Wednesday, August 24, 2011

St. Bartholomew and Christianity: Not for wimps

St. Bartholomew (also known as Nathanael) was one of Jesus' original twelve disciples. Tradition holds that after the Resurrection, he became a missionary, spreading the Gospel and planting churches until he was martyred for Christ in modern-day Armenia. Today is his feast day on the Church calendar.
St. Bartholomew, holding his own skin. Sistine Chapel ceiling.

Bartholomew is reputed to have met his end at the sharp end of a flaying knife (bad pun intended). Seriously, though - tradition holds that he was flayed alive and crucified after having successfully converted Polymius, the king of Armenia, to Christianity. The king's brother, who was not happy about the king's conversion, ordered Batholomew's execution.
The details of his martyrdom have made for some -- shall we say -- interesting artwork through the centuries. St. Bartholomew is usually identifiable in Church art because he is usually holding his skin in one hand and a flaying knife in the other. Pretty gruesome when you really think about it.

But that's how Christianity has always been: we've never shied away from harsh realities. Catholicism is raw. It's gritty. And as a faith, we have always proudly and defiantly honored the humanity as well as the mystery of the Church. We've always gloried in all the gory details of how some of our saints met their ends for the sake of the Gospel. In fact, we relish these details and cherish these stories because, in some mysterious way, we know that the sufferings of the martyrs glorify God and further his Kingdom. "The blood of the martyrs is the seed of the Church," opined one early Church Father.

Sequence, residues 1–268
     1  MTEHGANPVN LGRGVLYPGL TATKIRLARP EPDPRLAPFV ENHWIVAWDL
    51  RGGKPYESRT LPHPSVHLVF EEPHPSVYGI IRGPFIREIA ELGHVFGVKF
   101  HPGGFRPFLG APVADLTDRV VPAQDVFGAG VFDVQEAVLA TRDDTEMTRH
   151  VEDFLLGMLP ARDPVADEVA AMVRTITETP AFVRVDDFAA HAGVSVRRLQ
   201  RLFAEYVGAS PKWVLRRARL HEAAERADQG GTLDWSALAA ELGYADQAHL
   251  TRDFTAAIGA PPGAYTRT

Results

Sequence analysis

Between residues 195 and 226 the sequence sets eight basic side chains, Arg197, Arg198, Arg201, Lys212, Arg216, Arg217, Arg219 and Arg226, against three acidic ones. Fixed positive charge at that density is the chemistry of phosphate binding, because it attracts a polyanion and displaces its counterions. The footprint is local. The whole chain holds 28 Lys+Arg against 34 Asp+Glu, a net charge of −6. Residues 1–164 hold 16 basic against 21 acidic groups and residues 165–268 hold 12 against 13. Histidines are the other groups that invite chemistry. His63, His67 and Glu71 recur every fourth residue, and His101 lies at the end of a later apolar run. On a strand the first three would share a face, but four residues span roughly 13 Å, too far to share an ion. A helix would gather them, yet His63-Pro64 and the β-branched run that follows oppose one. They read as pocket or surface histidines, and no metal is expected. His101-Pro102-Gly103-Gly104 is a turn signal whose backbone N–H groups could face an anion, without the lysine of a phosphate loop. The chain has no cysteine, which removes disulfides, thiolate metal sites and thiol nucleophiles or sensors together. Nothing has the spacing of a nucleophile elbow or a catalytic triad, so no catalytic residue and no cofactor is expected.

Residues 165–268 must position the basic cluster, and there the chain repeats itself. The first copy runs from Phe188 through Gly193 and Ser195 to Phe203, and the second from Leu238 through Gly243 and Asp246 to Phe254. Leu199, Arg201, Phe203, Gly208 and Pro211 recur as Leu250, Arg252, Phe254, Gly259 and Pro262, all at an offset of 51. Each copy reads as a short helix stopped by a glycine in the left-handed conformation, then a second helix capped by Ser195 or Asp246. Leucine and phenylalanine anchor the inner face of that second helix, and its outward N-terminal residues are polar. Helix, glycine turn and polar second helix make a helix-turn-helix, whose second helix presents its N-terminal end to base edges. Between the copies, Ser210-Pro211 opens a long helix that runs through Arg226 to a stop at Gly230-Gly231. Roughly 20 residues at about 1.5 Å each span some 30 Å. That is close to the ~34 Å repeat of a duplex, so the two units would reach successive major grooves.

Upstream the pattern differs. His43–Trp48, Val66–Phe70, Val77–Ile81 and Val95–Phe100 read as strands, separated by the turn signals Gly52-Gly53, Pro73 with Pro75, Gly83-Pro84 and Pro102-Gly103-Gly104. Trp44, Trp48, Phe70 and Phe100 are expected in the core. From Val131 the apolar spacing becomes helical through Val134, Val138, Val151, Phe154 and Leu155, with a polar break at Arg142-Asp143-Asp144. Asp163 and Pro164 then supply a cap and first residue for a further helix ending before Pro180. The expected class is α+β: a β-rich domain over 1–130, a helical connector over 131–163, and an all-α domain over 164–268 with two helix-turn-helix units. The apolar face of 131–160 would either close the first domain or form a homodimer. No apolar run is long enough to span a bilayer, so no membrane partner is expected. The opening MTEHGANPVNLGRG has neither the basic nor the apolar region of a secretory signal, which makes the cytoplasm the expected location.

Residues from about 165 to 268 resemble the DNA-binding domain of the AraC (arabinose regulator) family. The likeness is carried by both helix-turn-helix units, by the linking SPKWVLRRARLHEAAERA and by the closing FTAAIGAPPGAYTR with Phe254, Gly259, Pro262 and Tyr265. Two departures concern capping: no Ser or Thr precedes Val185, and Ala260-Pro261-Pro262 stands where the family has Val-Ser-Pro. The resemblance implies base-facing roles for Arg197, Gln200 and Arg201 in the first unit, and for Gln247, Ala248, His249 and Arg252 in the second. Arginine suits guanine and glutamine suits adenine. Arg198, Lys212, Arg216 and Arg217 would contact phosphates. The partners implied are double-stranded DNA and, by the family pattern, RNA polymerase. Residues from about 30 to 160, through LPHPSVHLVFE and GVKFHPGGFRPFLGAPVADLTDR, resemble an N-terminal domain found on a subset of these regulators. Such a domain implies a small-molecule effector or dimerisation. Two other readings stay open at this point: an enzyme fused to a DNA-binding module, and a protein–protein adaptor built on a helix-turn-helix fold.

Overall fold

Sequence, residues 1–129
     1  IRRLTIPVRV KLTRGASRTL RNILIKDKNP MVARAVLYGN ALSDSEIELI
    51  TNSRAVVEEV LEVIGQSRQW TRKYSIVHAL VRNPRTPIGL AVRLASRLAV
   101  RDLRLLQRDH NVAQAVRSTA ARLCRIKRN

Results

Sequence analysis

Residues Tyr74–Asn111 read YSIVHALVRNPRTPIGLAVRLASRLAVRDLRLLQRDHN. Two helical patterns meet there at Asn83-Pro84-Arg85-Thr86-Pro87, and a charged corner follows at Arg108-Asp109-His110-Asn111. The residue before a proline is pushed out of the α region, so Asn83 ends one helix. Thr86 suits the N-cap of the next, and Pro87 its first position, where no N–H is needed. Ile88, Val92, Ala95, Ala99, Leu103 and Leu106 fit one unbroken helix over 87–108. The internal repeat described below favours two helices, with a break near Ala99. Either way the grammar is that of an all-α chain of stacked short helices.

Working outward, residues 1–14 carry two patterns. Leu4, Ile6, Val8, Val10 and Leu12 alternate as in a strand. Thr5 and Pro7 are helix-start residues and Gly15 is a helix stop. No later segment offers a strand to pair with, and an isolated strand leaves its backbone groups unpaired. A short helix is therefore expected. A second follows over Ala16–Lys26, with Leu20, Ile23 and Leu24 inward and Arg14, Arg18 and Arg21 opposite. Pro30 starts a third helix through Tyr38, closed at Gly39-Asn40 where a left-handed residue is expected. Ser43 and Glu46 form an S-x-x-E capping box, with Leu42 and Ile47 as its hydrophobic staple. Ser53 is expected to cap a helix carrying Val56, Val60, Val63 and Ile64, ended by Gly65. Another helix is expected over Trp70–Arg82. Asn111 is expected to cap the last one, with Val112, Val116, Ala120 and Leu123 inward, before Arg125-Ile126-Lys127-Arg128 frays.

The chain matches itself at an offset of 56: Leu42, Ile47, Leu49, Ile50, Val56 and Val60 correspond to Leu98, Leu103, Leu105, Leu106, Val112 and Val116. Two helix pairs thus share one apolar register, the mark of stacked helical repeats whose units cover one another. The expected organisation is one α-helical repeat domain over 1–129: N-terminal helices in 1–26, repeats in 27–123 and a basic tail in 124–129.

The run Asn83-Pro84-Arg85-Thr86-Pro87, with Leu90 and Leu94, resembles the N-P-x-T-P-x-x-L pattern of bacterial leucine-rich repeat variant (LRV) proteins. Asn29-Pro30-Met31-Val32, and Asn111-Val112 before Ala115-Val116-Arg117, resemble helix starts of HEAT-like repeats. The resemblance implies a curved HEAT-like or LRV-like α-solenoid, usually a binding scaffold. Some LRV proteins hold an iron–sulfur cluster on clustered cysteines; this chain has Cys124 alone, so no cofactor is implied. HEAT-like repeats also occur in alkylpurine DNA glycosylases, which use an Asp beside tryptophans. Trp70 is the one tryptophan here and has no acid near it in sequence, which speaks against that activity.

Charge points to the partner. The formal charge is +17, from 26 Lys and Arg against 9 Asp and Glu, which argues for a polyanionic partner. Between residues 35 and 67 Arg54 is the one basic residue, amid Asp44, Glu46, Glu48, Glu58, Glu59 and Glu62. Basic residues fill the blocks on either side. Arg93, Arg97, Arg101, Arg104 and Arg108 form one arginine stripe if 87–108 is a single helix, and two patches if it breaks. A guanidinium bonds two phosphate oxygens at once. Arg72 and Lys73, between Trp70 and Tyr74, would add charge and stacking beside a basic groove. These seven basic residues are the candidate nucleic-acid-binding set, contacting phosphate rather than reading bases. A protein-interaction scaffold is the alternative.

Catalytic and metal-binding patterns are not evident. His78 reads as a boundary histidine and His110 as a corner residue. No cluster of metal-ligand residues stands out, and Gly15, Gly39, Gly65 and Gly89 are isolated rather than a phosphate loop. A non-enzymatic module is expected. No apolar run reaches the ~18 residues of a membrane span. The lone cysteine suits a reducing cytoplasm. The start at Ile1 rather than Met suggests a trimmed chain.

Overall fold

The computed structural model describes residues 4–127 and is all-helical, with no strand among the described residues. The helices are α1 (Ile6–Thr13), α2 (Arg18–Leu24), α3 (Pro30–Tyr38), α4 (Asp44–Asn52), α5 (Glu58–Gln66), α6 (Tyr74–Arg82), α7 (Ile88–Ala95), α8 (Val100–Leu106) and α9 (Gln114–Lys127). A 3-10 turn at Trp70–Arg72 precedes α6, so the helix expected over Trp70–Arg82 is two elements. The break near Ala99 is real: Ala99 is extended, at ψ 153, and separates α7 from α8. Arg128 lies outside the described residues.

We've also always preserved, honored, and even venerated the remains of Christian martyrs. For example, when St. Polycarp, an early bishop, was martyred by Roman authorities in 157, an eyewitness member of the local church recorded that members of the church "took up his bones, as being more precious than the most exquisite jewels, and more purified than gold, and deposited them in a fitting place ... [where], as opportunity is allowed us, with joy and rejoicing, the Lord shall grant us to celebrate the anniversary of his martyrdom." In other words, they preserved his charred bones (which we would call "relics") and buried them with honor so that they could celebrate the anniversary of his martyrdom at his tomb (the precursor to modern saints' feast days).

Stairs leading to St. Peter's tomb, underneath the high altar.
Many ancient Catholic churches throughout the world are built where they are not because it was a great location architecturally, but in order to mark the tomb of a saint, or the place of a Christian martyrdom. St. Peter's Basilica in Rome was constructed at great cost and much labor on the side of a hill (Vatican hill) which had to be excavated and leveled to accommodate the original church. This was because that hill was the site of a cemetery where the Apostle Peter's remains were buried and marked by the first-century Christians after his martyrdom. The location of this grave was marked and venerated from the first century on.

This was typical of many of the apostles' tombs. This custom of celebrating Mass over the tombs of Christian martyrs is what led to the eventual tradition of placing relics of saints under the altars of Catholic churches before their dedication. In our own church of St. John's here in Oxford, which was dedicated in 2008, there are relics of St. John Baptist de la Salle and of Bl. Francis Xavier Seelos. Relics from the old church altar are also preserved underneath the Tabernacle.

The deeds of martyr-saints such as Bartholomew should inspire us. Christianity is not a wimpy, milk-toast religion. Much is expected of us in our faith --- sometimes even heroism. Pray that St. Bartholomew and all the Martyrs might intercede at God's throne so that we will all be emboldened to live out our faith with even greater fervor.